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Daphne laureola, or spurge laurel is a plant commonly found in the wild in Britain and Ireland. The shrub that I have in my Belfast town garden is a self seeded seedling found in the garden of the family house in Newcastle, Co. Down.

A mature plant is three to four feet in height and about the same in width. It is evergreen, with long leathery leaves occurring in a rosette formation at the end of stems. The leaves vary in colour from glossy dark green when grown in shade, to a more yellowy green when grown in sun. The flowers which occur in February and March are tubular and are a waxy pale lemon green. They are borne in clusters high up on the plant, just below the rosette forming foliage. Its preferred growing conditions are in semi to partial shade, almost in an edge of deciduous woodland location. The parent plant of the seedling found in the Newcastle garden grows wild at the edge of a field under the canopy of a large native cherry tree which provides ample shade in summer.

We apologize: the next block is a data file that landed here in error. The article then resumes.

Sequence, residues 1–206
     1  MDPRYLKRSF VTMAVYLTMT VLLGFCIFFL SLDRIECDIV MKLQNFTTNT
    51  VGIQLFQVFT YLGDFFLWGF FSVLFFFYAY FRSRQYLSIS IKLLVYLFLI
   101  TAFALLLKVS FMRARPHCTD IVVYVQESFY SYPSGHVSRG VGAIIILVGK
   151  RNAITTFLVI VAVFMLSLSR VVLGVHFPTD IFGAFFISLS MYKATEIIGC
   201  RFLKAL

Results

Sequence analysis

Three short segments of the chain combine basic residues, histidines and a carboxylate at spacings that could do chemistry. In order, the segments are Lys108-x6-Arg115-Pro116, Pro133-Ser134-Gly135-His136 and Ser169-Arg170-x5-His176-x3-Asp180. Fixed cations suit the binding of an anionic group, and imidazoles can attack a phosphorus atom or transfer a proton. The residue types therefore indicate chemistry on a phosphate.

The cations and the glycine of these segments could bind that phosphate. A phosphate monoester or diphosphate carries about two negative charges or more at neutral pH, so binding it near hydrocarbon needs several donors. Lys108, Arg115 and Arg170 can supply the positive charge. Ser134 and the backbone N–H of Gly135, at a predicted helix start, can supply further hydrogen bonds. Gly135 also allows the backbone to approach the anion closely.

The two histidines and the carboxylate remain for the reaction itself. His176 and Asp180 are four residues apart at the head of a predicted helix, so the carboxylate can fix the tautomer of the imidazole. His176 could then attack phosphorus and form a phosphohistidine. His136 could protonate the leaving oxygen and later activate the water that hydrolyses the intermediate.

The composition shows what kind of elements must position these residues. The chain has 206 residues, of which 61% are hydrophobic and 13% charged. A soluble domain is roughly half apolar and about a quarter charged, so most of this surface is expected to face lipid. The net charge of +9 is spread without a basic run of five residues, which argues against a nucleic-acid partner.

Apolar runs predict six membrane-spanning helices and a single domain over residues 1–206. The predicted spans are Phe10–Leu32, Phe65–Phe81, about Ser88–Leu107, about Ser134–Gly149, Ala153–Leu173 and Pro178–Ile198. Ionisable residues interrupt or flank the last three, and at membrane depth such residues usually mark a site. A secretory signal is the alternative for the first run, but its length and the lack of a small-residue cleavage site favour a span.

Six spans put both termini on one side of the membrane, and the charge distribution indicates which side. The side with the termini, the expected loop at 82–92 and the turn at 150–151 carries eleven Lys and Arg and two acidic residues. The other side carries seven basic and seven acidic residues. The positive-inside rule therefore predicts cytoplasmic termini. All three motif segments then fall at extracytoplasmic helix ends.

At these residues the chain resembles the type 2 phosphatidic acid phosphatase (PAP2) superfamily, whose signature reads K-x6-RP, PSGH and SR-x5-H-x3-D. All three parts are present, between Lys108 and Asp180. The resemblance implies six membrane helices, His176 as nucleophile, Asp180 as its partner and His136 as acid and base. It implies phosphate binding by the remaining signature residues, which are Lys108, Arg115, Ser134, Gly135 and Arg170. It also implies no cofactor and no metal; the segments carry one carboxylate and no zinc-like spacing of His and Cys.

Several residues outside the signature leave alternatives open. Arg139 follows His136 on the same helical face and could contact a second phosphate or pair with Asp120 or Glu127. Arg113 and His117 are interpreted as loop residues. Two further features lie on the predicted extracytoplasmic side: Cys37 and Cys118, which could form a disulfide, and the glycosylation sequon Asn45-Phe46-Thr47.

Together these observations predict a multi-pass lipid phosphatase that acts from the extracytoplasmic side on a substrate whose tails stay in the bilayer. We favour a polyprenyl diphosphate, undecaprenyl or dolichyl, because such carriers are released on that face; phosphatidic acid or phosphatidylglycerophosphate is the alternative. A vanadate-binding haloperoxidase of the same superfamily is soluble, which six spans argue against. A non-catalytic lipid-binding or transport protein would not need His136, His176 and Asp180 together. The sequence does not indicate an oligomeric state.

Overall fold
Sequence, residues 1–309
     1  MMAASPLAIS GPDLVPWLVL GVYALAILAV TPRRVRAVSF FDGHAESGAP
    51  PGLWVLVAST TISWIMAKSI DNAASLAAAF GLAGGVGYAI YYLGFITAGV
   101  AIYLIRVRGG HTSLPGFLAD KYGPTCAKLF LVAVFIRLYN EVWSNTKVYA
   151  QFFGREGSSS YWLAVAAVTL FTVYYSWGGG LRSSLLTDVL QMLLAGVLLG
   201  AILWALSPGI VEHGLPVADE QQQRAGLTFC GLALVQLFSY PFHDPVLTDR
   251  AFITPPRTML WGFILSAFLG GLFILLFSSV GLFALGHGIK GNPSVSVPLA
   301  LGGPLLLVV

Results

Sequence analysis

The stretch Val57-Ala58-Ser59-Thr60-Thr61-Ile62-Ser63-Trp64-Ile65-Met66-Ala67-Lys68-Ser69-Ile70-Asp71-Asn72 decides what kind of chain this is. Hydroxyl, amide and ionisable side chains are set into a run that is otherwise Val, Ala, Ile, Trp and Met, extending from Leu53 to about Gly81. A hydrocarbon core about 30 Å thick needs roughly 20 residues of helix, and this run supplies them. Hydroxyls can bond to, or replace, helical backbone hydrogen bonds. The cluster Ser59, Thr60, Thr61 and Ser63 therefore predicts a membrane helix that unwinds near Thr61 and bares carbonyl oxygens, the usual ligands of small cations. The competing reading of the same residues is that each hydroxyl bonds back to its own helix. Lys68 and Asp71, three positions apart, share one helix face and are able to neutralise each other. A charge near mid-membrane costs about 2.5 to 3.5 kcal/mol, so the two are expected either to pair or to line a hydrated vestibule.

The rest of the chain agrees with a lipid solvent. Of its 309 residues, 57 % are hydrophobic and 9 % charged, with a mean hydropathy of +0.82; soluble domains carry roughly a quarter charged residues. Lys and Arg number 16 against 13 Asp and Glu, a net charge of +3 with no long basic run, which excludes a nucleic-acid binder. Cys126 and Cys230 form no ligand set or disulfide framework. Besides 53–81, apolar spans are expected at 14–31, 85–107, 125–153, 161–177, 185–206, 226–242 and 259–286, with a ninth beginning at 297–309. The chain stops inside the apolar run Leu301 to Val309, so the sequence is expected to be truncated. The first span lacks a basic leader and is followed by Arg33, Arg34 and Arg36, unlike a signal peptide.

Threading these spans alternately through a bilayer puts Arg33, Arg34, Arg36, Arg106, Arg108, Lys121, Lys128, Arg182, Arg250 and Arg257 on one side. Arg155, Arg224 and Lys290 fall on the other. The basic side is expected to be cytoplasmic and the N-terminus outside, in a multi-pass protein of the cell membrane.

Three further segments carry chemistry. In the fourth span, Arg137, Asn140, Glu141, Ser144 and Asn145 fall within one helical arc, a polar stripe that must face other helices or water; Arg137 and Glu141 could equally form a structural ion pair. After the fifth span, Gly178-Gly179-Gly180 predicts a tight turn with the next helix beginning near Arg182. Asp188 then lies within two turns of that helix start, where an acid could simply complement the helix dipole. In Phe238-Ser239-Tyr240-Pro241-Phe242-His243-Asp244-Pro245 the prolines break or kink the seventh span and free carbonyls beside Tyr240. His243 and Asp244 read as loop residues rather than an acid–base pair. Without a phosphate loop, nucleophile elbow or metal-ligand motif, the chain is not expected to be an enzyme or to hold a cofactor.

A young plant sulks if moved, the root system seeming to be more taproot like than fibrous. In this regard it behaves like young Eschsholzia californica seedlings, seeming to give up the ghost if inconvenienced by relocation. If it drops its leaves after being moved it should reshoot from along the main stem if the move has been to a moist and shady spot.

Although a decent shape and evergreen, the main attraction of the plant for me is its perfume, which is subtly released when in flower in February. It is a delicate, musky, honey scent, slightly heavier than that of double snowdrops which flower at the same time. It is also reminiscent of, though not nearly so overpowering as, the scent of Turks Cap lilies.

To appreciate the scent, you have to be very close to the plant, and this is perhaps its charm, a hidden secret which it will share with you if passing by the plant on an unexpectedly mild and damp February day. An added bonus are the strange black ovoid berries (almost olive shaped) which occur in August, proof that the first stirring of spring is in earliest February, when insects are drawn to pollinate this understated plant.

Copyright A Walsh 2002-2007